NASA Receives $1B In Stimulus Funding
NASA can land a spacecraft on a peanut-shaped asteroid 150 million miles away, but can’t even come close to hitting its own budget goals for building a spacecraft, joked congressional auditors as they reported that the space agency is nearly $1.1 billion in the red on just nine projects over the last couple of years.
It’s a joke NASA’s top officials understand all too well.
The Government Accountability Office (GAO), the financial watchdog of the U.S. Congress, reviewed NASA’s newest large-scale projects and found most were either late, over budget or both, and that’s after excluding two of the agency’s largest spending projects “” replacing the space shuttle fleet and the Hubble Space Telescope “” whose costs still aren’t definite.
Cost overruns have historically caused NASA, which has an annual budget of about $18 billion, to run low on money, forcing it to abandon or delay other projects. Many times it simply requests additional funding from taxpayers. One cast in point: NASA will receive $1 billion from the new economic stimulus package for climate-watching satellites, exploration and other projects.
“Getting an extra infusion of money doesn’t necessarily mean you have a capability to spend it well,” Cristina Chaplain, the GAO’s acquisitions chief who authored the report, told the AP.
A separate GAO report cited NASA as a prime example for poor practices in estimating costs. The agency needs “a more disciplined approach”, to its projects, the GAO said.
The space agency’s spending has been on the GAO’s “high risk” list since 1990. And NASA’s struggles with cost overruns will be the topic at an upcoming House Science Committee hearing this Thursday.
“A cancer is overtaking our space agency: the routine acquiescence to immense cost increases in projects,” wrote Alan Stern, NASA’s former science chief, in an opinion piece last year in the New York Times.
Stern quit his post last year over the shifting of money to fund cost overruns.
NASA’s spending problems are notoriously predictable and large, so much so that Congress put the agency under the same tough budgeting rules as the Defense Department two years ago. These rules require NASA to notify Congress if a program’s cost rises by more than 15 percent.
Monday’s GAO report was the first time the new rules were used with NASA.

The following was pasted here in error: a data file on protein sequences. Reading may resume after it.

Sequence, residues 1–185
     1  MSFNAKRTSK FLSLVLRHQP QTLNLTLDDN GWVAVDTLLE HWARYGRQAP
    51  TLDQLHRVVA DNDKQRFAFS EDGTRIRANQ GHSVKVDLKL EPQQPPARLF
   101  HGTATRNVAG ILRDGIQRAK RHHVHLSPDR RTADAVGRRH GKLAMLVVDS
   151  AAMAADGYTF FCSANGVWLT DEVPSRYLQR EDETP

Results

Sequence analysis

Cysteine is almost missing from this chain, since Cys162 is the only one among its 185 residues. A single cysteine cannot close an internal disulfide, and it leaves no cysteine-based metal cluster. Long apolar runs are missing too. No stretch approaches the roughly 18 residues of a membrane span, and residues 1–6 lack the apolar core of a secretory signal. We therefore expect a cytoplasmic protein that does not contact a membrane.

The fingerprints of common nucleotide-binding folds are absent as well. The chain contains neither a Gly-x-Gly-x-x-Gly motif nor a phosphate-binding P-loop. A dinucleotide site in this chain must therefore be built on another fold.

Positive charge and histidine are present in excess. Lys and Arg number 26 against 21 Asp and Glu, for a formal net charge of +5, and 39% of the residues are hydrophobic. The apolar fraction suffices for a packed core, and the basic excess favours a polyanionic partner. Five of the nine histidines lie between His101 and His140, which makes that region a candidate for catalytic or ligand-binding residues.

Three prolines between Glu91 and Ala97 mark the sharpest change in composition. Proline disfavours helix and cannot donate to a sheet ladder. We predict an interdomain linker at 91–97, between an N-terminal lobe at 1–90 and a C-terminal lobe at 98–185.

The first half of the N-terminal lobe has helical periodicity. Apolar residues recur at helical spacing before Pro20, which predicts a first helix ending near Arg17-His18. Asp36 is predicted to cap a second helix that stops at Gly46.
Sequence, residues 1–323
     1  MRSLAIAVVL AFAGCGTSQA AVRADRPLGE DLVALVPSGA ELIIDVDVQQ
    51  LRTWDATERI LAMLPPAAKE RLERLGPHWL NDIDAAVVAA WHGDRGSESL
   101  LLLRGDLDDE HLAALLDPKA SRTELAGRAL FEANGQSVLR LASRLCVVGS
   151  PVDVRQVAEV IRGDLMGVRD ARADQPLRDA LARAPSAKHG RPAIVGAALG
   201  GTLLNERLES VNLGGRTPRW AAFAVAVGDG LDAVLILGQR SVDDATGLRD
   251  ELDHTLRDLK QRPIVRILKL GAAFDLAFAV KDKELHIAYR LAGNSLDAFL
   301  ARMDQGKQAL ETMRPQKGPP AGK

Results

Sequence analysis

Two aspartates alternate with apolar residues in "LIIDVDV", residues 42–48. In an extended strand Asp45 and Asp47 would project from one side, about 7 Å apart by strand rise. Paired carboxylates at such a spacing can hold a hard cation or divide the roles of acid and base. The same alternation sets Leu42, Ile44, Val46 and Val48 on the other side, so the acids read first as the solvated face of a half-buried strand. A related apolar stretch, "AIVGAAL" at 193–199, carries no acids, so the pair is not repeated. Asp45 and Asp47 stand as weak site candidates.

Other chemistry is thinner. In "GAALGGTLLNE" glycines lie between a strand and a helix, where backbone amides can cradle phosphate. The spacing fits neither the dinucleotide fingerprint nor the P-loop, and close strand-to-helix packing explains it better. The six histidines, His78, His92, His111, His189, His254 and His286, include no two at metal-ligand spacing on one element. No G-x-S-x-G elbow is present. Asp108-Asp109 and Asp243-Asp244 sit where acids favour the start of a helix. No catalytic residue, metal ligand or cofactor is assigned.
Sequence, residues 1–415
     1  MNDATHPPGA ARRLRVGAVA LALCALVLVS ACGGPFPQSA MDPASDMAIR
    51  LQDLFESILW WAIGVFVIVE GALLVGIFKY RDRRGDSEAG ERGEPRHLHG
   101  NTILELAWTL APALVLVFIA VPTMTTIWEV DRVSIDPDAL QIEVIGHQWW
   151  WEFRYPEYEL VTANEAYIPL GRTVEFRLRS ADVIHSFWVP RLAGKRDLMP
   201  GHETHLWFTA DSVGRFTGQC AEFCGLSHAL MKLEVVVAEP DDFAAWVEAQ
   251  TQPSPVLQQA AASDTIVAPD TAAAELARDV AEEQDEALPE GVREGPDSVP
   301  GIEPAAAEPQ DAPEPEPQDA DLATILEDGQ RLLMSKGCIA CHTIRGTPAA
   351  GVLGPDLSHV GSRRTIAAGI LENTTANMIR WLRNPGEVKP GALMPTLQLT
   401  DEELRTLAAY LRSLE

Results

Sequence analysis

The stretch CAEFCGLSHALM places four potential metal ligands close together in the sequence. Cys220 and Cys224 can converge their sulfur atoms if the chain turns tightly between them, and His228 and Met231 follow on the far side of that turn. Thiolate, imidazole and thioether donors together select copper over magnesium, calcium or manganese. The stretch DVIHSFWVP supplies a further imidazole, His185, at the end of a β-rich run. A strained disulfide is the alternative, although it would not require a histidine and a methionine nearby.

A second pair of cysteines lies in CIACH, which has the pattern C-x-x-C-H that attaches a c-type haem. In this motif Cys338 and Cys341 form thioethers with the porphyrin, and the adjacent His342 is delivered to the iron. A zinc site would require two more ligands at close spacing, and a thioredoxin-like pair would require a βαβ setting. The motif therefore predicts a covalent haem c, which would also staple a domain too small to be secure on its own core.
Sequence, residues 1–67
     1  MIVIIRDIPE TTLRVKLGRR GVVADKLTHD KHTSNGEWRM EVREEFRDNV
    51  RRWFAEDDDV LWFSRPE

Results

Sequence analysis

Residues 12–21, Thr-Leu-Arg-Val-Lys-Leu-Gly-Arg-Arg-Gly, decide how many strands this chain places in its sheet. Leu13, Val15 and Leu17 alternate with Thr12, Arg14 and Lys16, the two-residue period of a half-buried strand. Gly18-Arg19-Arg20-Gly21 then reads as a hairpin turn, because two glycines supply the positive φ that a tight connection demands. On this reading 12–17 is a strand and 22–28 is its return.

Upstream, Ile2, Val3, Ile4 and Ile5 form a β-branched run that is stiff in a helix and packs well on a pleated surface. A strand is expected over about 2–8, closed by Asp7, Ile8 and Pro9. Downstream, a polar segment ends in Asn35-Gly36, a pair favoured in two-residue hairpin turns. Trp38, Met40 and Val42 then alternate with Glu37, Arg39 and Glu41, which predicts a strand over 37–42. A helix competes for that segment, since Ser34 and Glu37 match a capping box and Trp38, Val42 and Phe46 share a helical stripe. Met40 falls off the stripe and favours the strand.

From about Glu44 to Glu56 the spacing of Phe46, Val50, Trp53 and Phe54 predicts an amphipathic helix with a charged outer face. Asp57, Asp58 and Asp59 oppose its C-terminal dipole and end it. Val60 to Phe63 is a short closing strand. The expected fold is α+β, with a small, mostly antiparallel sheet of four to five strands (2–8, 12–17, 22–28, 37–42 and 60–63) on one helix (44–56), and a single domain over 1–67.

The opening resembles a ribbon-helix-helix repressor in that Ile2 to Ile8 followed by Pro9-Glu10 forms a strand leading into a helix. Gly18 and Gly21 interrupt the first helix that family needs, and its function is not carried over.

For its part, NASA told the Associated Press that its missions “are one-of-a-kind and complex, which always makes estimating challenging. We do believe NASA is a good investment of federal funds and strive to provide the best value.”
External forces, including launch availabilities, are also responsible delays and cost overruns, the agency added.
Nevertheless, NASA maintains that it has improved its cost estimating abilities.
Last December Michael Griffin, NASA’s administrator at the time, tried to compare cost overruns, such as the extra $400 million required for the Mars Science Laboratory, with do-it-yourself home projects that keep requiring extra visits to the hardware store.
When a reporter objected that a do-it-yourself project uses one’s own money, Griffin said: “And we are spending your own money for this,” a response that drew laughter from reporters.
Financial discipline “is an uphill fight”, according to Smithsonian Institution space scholar John Logsdon, a member of NASA’s advisory council.
For the latest report, NASA was unable to provide the GAO with current accurate estimates on two of its largest projects, forcing the GAO to cite ballpark guesses that NASA’s program to build new lunar spaceships would cost between $37 to $49 billion. The project is already rife with technical and financial risks, the GAO said.
The multibillion-dollar James Webb Space Telescope, whose current cost is not known, already exceeded by $1 billion estimates compiled three years ago, before NASA fell under its new cost accounting methods.
Chaplain said the space agency has cost overruns for a variety of reasons, including poor cost estimating at the initial phases of a project, trying to conduct cutting-edge science, continuously changing designs and poor contractor performance.
Indeed, six of NASA’s projects experienced problems with contractors, including lack of experience, which led to delays or added costs.
At his December news conference, Griffin said there isn’t an ideal way to estimate at a mission’s outset what precisely is needed to attain scientific priorities.
Griffin, whose replacement has not yet been named, said NASA’s scientists have a tendency to downplay costs early on in a project to convince the agency that their initiative is lower-cost than someone else’s. It’s only later, after NASA commits to the projects and funds begin to flow, that additional money is needed.
Ultimately, NASA typically spends the additional money rather than cancel the project.
And while it’s a problem everyone accepts, they shouldn’t, said Chaplain.
The Mars Science Laboratory, which has exploded to a $2.3 billion price tag, provides a good example of NASA’s methods. In 2003, its cost was estimated at $650 million on the National Academy of Sciences wish list, which NASA used to establish priorities.
However, Doug McCuistion, head of NASA’s Mars exploration program, said on Tuesday that the proper estimate to begin with was actually $1.4 billion, rather than $650 million, because it was not an official NASA projection. By last December the figure had grown to $1.9 billion, and launch plans were ultimately delayed from this year to 2011 amid technical problems.
The extra funding came from reductions to other projects.
“The costs of badly run NASA projects are paid for with cutbacks or delays in NASA projects that didn’t go over budget,” Stern wrote.
“Hence the guilty are rewarded and the innocent are punished.”
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